The track is a Dolby 5.1 and 384k/s. There is also an Italian and a Spanish 5.1 track which is fundamentally the same except the language has been ADR removed.

This is a dialogue heavy film so the track must be vocally clear for the 112 minutes - and it is. Not a word goes wrong and even when background effects intrude, the dialogue always remains clear. You are always aware that this film is set on an army aviation base due the overhead helicopters often in scene.

This is not an action movie however there are action elements. These scenes are reminiscent of action movies, that is effects heavy with the use of directional gunfire and subwoofer explosions. Those ever present helicopters use directional surrounds.

Carter Burwell does the score. Unlike the director, Burwell has a large portfolio and is extremely experienced. The film is bookended by native southern music of the sort that would have been popular on plantations. West notes in the commentary that they are recordings from the 30's and are an attempt to 'fit' the film to that region. The rest of the film is interspersed with fairly standard film fare. Often there is no score at all to heighten the dialogue.

The music is of quite reasonable fidelity for 384k/s as witnessed by the quite loud rendition of Carl Orff's 'Carmina Burana' during one of the more dramatic sequences. Overall, quite a good track with no apparent flaws and good fidelity.


Someone must teach Paramount the art of animated menus. The menus here use the five pointed General's star motif for background material on the menu and it looks even less impressive than the static shots they had on the original US DVD releases.

The actual extras are quite good although not abundant. There's a short TV quality 'behind the scenes' featurette of the type you've seen before. I did notice that the music from the featurette is a complete lift from Paramount's 'Clear And Present Danger'. It helps to be a student of film scoring.

There are two trailers presented full screen and in stereo. There are four deleted scenes with an alternate ending. These are actually of good quality (ie. anamorphic and of the same post-production stage of the completed film). West explains that the scenes were edited for pacing purposes. These seem to all attempt to strengthen the relationship between Stowe and Travolta hence distracting from the main story. I liked how West explained the motivations behind the excisions rather than just having the studio plop the cut scenes on the disc without any explanation like on other discs.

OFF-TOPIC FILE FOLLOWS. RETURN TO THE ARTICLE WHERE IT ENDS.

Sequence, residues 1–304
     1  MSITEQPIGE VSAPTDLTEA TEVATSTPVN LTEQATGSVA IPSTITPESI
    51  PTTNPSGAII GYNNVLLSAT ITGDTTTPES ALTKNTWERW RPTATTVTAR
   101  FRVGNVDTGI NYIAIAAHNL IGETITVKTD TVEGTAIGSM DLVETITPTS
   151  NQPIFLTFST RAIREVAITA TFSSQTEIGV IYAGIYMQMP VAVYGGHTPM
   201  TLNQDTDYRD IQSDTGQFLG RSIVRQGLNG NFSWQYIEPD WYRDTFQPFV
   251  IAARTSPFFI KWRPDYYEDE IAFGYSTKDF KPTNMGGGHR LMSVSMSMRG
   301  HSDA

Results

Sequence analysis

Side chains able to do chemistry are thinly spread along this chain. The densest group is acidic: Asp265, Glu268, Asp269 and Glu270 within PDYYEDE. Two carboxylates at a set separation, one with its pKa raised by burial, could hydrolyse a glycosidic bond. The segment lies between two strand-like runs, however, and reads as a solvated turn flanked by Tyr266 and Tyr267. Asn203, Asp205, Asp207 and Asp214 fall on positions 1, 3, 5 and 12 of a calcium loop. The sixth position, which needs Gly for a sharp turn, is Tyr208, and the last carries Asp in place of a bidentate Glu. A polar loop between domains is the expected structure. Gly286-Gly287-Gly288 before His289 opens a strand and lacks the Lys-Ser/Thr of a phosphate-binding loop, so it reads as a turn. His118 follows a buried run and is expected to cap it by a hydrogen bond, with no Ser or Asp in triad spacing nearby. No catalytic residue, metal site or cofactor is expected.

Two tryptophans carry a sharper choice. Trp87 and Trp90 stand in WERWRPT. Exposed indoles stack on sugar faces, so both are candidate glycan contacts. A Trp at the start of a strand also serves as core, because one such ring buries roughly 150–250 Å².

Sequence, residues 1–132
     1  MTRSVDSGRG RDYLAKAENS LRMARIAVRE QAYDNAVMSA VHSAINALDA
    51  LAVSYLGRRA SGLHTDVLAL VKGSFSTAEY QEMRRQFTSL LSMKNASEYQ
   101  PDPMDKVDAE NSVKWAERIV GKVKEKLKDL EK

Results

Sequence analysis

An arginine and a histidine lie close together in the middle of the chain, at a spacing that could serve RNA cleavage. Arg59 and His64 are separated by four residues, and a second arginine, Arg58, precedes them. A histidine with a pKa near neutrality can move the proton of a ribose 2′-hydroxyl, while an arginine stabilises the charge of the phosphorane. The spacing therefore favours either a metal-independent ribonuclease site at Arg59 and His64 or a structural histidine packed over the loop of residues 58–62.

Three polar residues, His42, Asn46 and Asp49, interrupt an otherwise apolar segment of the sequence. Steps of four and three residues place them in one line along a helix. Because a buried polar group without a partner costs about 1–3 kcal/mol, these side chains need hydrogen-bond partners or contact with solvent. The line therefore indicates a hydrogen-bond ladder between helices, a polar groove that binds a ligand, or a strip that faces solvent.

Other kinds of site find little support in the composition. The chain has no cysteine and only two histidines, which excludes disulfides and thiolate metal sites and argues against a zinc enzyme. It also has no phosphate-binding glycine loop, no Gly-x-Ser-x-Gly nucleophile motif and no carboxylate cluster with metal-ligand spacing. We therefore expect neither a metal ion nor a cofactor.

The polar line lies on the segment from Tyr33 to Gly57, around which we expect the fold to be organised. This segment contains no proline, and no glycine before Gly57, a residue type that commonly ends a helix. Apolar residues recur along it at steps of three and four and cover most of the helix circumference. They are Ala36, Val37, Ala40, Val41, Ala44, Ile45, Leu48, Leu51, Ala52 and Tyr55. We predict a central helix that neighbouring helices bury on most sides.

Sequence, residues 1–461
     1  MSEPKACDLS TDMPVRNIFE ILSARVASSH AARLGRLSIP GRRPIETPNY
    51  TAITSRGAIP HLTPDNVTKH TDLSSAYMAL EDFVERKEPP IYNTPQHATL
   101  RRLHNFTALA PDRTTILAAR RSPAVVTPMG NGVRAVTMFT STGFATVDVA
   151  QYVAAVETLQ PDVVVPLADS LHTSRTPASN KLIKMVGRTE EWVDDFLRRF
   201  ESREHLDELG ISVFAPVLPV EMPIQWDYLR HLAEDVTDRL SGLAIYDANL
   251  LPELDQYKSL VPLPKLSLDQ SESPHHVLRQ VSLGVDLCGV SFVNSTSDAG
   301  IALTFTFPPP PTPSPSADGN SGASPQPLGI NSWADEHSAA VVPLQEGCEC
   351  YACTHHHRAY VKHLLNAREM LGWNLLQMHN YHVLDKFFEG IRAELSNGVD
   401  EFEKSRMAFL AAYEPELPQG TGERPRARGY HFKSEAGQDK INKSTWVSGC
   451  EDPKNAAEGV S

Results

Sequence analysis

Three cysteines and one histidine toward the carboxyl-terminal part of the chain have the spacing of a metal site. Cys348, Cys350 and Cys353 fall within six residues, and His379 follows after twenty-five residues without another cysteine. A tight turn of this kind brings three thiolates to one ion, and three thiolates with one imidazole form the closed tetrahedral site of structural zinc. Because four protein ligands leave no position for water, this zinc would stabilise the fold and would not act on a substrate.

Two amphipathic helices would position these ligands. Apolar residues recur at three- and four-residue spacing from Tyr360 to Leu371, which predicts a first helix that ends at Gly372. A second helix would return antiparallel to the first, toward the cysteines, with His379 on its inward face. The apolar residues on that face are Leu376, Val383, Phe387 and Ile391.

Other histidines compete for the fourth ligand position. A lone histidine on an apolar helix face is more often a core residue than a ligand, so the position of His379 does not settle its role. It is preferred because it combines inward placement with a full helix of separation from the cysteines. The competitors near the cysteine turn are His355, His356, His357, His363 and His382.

There's also a full length commentary by West which is of a very high standard. It would be almost required material for budding directors to learn the art of pacing and economy. A hallmark of a good director is the ability to make complex shots seem simple and natural to the audience. West, despite his relative inexperience seems to understand this. There's one scene which has a camera crane move upwards from grass level in a slow pan so that a helicopter can slide underneath the crane and land. This of course requires the pilot to be quite skilled and it not an easy shot. Yet it seems natural to the viewer and would not garner a second thought were it not for the commentary.

This is not a special effects heavy film yet you'd be surprised just how extensive the use of CGI is when you lack military support. He uses CGI in way that the military would call a 'force multiplier'. That is, he uses CGI to create an army from a small team of extras, a handful of Humvees, a few helicopters and a single armoured personnel carrier.

It's very clear why official military support was not forthcoming - the film paints the West Point Military Academy in a very poor light.


This film is basically a 'whodunit' set in fairly atypical circumstances. In some respects that has limited replay value. The most value will be the first viewing where the ball of string becomes unwound. It would work well as a rental.

There don't seem to be many military based movies of a similar genre. I can only think of 'Casualties Of War' (1989) with Michael J. Fox and Sean Penn which is set in Vietnam and has a similar thread to this film, that is, crimes of conspiracy.

You might try 'Con Air' however it's nothing like this.

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      And I quote...
    "An excellent debut from Paramount..."
    - Tony Lai